The technical production of this handbook has been a joint effort by several groups involving a large number of people, and the success of the coordination process in itself is by no means the least significant result of the EAGLES Spoken Language Working Group (see Chapter `User's Guide'), with particular credit to the fellow-members of the editorial team, Roger Moore and Richard Winski, for an inspiring and supportive style of collaboration.
The first group comprises the technical authors. All of them deserve thanks for their patience and cooperativeness, despite over-full schedules, heavy responsibilities and, in many cases, also the need to learn LaTeX in the process.
The second group includes the EAGLES support team, particularly the organisers in Pisa, Antonio Zampolli and Nicoletta Calzolari, with their untiring efforts to coordinate a somewhat unruly band of experts. Jock McNaught brought his editorial expertise in electronic publishing to bear on the initial layout design, and on solutions for a multitude of thorny problems.
The third group includes my team in Bielefeld, especially Inge Mertins, who put in a massive amount of work researching sources, re-formatting from a variety of source formats, taking care of complex style packages and spending month after month gently and effectively coaxing various authors to provide readable text, graphics and formulae. Thorsten Bomberg brought his expert knowledge of UNIX systems programming to bear on many technical problems; having found that available software did not scale up to handle a document of the size and complexity of this handbook, he specified and implemented a LaTeX to HTML conversion strategy which did work, and shared his results with the latex2html software developers, resulting in better software. Holger Ulrich Nord and Thorsten Trippel re-formatted the revised version in HTML, battling with many new format styles.
The fourth group is the publishing team led by Anke Beck at Mouton de Gruyter, whose professional standards forced us all to re-think many aspects of presentation and formatting, and on whose advice we were able to rely in designing a LaTeX document class to emulate the Mouton de Gruyter house style (though a couple of our own oddities remain).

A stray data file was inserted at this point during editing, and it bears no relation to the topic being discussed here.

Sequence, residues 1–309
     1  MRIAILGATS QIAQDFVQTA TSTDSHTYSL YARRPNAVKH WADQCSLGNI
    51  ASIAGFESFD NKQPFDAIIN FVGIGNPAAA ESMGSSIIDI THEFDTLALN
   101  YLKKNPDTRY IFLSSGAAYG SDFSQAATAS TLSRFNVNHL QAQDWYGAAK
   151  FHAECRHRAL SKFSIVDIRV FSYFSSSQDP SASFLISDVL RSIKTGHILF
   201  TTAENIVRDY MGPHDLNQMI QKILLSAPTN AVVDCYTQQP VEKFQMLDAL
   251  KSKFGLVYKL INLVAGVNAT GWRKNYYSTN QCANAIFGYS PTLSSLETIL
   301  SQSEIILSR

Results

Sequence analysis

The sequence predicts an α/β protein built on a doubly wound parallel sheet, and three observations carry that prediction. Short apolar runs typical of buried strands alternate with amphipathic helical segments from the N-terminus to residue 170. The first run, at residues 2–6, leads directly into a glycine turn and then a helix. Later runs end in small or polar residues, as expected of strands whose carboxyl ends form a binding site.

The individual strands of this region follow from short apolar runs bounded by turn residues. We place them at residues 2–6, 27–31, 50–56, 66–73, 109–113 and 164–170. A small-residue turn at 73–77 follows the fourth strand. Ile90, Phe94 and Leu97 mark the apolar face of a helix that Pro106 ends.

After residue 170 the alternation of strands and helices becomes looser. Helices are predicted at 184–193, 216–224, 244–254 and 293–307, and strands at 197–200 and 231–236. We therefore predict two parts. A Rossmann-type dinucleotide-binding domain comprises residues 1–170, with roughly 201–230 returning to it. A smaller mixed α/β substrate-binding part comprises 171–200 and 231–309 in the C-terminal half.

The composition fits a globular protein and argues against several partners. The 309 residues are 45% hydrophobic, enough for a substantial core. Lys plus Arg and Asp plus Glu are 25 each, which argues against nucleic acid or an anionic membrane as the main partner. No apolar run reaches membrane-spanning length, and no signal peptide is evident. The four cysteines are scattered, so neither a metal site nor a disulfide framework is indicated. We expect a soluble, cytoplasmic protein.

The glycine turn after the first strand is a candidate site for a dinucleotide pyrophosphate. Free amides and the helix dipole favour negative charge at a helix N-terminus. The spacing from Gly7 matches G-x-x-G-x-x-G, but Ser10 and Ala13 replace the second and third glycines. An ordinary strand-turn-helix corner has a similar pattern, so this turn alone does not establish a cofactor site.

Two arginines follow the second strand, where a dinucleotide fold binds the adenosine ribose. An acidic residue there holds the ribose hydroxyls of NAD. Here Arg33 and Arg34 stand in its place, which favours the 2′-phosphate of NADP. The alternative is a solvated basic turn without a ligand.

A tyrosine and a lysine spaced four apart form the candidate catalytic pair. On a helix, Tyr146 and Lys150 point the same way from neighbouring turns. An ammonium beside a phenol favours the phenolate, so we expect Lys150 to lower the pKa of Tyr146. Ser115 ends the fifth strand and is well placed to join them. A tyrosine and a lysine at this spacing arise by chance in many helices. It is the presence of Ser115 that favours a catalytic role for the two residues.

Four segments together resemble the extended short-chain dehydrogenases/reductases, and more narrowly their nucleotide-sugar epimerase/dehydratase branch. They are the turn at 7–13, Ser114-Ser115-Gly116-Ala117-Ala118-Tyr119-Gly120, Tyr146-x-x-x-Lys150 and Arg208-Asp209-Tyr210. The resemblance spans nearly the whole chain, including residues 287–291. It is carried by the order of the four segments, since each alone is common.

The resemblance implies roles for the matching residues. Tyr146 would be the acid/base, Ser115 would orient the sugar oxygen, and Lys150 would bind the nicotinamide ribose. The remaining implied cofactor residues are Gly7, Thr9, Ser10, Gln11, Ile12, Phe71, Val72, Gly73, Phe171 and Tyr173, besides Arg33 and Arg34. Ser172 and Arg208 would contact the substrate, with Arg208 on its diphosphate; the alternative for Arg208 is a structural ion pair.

The fifth group comprises those responsible at Directorate General XIII of the European Commission, Norbert Brinkhoff-Button, the project officer, and Roberto Cencioni, who deserve acknowledgment for their foresight, their willingness to be persuaded to take risks with this novel publishing venture for the field of spoken language technology, and above all for their patience in what must have seemed like an unending production story.
The main aim during the technical production process was to produce a high-quality handbook which on the one hand documents the core of standard good practice during the 1990s, and on the other hand presents a solid platform for further development. To attain this goal, a number of textual smoothing processes were required. The format conversion and formatting tasks have already been mentioned; English style and idiom in several chapters, by both native and non-native speakers, had to be considerably adapted for general readability and consistency. Many overlaps were removed, many additional details incorporated, cross-references to other chapters and the other EAGLES Working Groups were included, copyrights (for instance for electronic IPA versions) were negotiated, and additional appendix materials were elicited. Some of the appendices were specially written for the handbook, but most were generously provided by other European Commission funded projects, notably the SAM project, and were left unchanged apart from the necessary re-formatting. In certain areas, for instance, with corpus copyrights and with clandestine recording, legal and ethical issues arose, which could only be touched on in passing.
Recommendations are given explicitly in subsections in each chapter, and can thus be conveniently referred to by consulting the table of contents, which is deliberately kept rather detailed and is thus unusually long. The task of completely `homogenising' the style of recommendations proved to be too comprehensive at the present stage, however, partly because of the variety of recommendation types, and partly because of the different presentation styles of authors from different disciplines.
Since the original conception of the report four years before publication, the importance of the World Wide Web for research has expanded enormously. This has made the publication of sources for corpora and tools unnecessary: Web search engines can quickly find the up-to-date addresses. The second consideration which emerged shortly before the final production phase was the possibility of publication on the Web. The pros and cons of this were much debated, and criteria of overall portability, durability, robustness and convenience of paper versions (with library and paperback editions) scored over a purely electronic hypertext mode; in addition, the publisher is providing CD-ROM and, courageously, Web versions.
Despite all efforts, the handbook has a number of obvious shortcomings, and readers will no doubt collect their own selection of these. For the shortcomings I beg the readers' indulgence, and urge them to communicate their suggestions and thereby help to improve future versions of the handbook.